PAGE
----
John Muir first discovered what was to be known as the Lyell Glacier in 1871, hanging off Mount Lyell, the tallest peak in Yosemite. Some 150 years later, the Lyell Glacier is all but gone, killed by climate change, and its epitaph remains a brutal warning sign as to where life on Earth is headed.
On a cool September morning in 2014, among lodgepole pines under blue mountain sky, Greg Stock shouldered a backpack full of camping gear and scientific equipment. Boyishly slender and athletic at 45, Stock is a climber, caver, and serious reader of books about mountaineering and the natural world. He holds the enviable job title of Yosemite National Park Geologist and mostly loves the work, especially the part he was bound for that day — the study of Yosemite’s last two glaciers.
Stock and several companions started their walk in Tuolumne Meadows, the high-country jewel of Yosemite and everything that I would ever wish to find in the pastures of heaven — many square miles of grass and wildflowers surrounded by white granite domes that reflect sunshine like polished glass. Stock followed the John Muir Trail south out of those meadows into an immense U-shaped gorge called Lyell Canyon, 8 miles long and 3,000 feet deep, carved out of granite by long-vanished glaciers during dozens of ice ages. Evergreens dot the sloped walls of Lyell Canyon — straight lodgepoles down low, bent whitebarks up high.
In that drought year of 2014, dry meadow grasses carpeted the canyon floor in pale gold. Down the middle, the Lyell Fork of the Tuolumne River trickled through wide, meandering oxbows. The great irrigator of Tuolumne Meadows and drinking-water source for San Francisco, that river thunders deep in spring but flows in autumn thanks to meltwater from Stock’s destination, the Lyell Glacier.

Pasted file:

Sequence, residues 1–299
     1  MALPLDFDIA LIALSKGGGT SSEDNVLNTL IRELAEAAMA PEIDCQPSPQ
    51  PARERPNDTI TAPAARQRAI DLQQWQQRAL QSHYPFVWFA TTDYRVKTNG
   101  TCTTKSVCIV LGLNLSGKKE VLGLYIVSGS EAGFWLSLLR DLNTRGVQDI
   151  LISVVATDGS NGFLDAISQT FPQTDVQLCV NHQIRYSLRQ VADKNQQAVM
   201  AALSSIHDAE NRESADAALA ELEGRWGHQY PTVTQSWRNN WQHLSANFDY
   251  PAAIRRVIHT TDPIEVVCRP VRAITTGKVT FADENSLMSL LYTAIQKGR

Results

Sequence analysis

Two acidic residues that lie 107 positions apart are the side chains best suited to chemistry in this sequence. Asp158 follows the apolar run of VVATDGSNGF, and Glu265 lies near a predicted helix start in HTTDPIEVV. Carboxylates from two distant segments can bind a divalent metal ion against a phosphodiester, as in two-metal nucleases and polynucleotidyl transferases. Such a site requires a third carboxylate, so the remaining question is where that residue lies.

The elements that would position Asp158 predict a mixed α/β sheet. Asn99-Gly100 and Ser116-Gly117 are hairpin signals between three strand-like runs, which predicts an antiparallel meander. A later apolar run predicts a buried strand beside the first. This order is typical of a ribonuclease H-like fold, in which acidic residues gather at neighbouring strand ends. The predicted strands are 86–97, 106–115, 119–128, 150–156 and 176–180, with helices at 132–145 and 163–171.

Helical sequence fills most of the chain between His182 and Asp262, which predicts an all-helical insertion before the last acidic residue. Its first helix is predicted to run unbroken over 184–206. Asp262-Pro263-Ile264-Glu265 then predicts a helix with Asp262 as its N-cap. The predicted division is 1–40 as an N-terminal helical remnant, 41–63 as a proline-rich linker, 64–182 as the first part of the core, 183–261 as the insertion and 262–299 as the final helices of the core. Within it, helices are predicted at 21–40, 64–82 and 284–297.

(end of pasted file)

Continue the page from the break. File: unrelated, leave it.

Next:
Seven miles into Lyell Canyon, Stock kept an eye out for white rocks in the grass. If you didn’t know what to look for, you would never find those rocks, much less guess they marked a particular spot. When Stock saw them, he turned east off the John Muir Trail and down into the mostly empty channel of the Lyell Fork. He hopped across the shallows and then walked into the center of the canyon.
Stock poked around in the grass for another pile of rocks, which marked the spot where, in 1883, a geologist named Israel Russell looked 4,000 vertical feet up to the jagged summit of Mount Lyell, 13,114 feet above sea level and the tallest peak in Yosemite National Park. Standing right there, Russell took the first known photograph of the Lyell Glacier, which John Muir had found only 12 years earlier. In Russell’s photograph, 13 million square feet of ice spread like a white shawl across Mount Lyell’s black metamorphic shoulders.
Geologists and park employees have been returning to Russell’s photo point — and to the glacier itself — on a more or less regular basis ever since, replicating Russell’s images to create a scientific record 135 years old and counting. Stock has been the keeper of that tradition for over a decade, making the trip through Lyell Canyon more than 20 times to check the glacier’s vital signs. He has put gauges in runoff streams to measure meltwater trickling out of openings at the toe of the glacier. He has studied data from NASA’s Airborne Snow Observatory, an airplane outfitted with advanced sensing equipment that calculates the water volume in the Sierra snowpack and ice fields. Using much of the same technique that Muir did in 1871, Stock drove stakes into the Lyell to measure the downslope creep of ice that defines a glacier.